NWNL Press

NWNL Press

Trip Report:
NWNL’s Mara River Basin Expedition
September 15 – October 15, 2009

(Reprinted from Expedition News, January, 2010)

The No Water No Life photographic/video team of Alison Jones and Alison Fast returned this fall from Kenya and Tanzania with a thorough documentation of the Mara River Basin’s urgent issues of degradation and the grassroots solutions being addressed. The group, based in New York, combines photography and science to raise public awareness of the quality, availability and usage of fresh water resources.

Jones says, “My greatest concern is today’s degradation and loss of fresh water, the most essential of resources. One and a half billion people today live without safe drinking water.” She tells an AMC meeting in Westport, Conn., recently, “If we don’t address communities without water, the world will become an ugly place.”

The following is the Trip Report from the Mara River Basin Expedition:

Recently, the Mara River Basin has been especially hard hit during East Africa’s extended drought. Jones and Fast documented the Mara River’s critically low water levels and pollution, as they traveled from its Kenyan source in the Mau Forest to its Tanzanian outlet into Lake Victoria. The degradation of the Mara River covered by No Water No Life has been caused by deforestation, climate change, unregulated water extraction, human and livestock effluent and agricultural runoff.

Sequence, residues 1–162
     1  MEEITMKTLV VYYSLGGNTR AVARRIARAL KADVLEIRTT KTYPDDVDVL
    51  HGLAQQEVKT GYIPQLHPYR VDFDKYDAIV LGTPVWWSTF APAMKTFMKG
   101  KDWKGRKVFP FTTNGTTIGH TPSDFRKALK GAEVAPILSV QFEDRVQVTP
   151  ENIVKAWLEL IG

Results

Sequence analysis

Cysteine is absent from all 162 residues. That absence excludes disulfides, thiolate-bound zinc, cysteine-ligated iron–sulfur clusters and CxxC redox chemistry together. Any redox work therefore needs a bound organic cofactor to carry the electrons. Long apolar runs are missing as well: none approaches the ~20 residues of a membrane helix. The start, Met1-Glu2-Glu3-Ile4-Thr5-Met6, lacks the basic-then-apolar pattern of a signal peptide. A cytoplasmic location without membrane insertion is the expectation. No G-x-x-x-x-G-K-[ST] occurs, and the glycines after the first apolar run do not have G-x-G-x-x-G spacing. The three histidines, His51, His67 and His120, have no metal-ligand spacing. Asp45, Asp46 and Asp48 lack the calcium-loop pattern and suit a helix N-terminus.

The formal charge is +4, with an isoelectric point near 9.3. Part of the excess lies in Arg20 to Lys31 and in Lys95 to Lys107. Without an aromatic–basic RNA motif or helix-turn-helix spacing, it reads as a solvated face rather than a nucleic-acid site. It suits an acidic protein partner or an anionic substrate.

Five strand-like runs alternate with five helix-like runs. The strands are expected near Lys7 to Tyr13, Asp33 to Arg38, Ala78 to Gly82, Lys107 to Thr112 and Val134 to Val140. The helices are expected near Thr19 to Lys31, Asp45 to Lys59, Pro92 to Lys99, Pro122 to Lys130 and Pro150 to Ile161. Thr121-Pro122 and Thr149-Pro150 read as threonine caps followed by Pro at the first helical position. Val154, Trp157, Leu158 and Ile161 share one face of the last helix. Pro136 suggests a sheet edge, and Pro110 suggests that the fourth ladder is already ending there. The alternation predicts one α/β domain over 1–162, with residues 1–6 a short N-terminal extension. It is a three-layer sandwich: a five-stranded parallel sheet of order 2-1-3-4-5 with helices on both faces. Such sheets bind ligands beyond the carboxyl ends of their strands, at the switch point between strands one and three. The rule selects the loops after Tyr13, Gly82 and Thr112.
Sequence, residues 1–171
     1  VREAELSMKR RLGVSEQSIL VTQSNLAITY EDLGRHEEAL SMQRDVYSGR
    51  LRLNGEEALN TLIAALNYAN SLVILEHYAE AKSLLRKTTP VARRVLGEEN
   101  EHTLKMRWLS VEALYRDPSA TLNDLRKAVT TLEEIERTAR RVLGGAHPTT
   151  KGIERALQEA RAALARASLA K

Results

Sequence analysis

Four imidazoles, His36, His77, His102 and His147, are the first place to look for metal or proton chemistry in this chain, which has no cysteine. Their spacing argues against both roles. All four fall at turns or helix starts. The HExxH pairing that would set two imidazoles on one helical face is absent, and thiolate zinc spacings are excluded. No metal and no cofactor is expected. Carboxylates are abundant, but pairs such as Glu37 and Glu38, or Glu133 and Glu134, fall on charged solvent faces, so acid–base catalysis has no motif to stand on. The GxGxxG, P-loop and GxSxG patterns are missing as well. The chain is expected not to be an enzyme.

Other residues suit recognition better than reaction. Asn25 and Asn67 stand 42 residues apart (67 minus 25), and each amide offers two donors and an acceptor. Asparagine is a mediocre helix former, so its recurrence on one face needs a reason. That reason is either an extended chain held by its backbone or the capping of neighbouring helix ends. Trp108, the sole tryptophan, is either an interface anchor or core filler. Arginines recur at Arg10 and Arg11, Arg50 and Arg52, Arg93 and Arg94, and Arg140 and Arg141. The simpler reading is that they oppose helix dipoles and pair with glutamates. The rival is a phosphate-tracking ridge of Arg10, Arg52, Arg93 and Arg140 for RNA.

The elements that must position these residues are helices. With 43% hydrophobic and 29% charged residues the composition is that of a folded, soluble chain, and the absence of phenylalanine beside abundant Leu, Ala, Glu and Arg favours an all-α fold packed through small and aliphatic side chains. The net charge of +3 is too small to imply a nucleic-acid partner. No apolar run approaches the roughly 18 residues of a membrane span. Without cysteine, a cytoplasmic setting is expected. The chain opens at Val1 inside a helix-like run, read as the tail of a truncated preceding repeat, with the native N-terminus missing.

The team filmed interviews with 35 stakeholders and scientists committed to mitigating these threats via better regulation of water extraction during low flows, corrective protection of the Mau Forest catchment areas, more efficient irrigation, afforestation, rain harvesting and establishment of riverine corridors. All agree that while this is certainly a critical time for the Mara River Basin, its inhabitants and its renowned wildlife, there are reasons to be positive. Team results:

• Captured 52 hours of filmed interviews and B-roll, and 200 gigs of still photographs.

• Shared concerns over water usage and quality with partners upstream and downstream.

• Established ongoing partnerships between stakeholders, stewards and scientists.

• Compared the Mara River issues with other local watersheds.

• Noted the role of the Mara River within the greater Nile River Basin.

No Water No Life appreciates all who have supported this expedition, especially James Robertson of Ker and Downey Safaris, Houston (www.kerdowney.com) who provided logistical assistance. (For more information and further updates: www.nowater-nolife.org).

This article is reprinted from Expedition News, January, 2010, pages 3–4.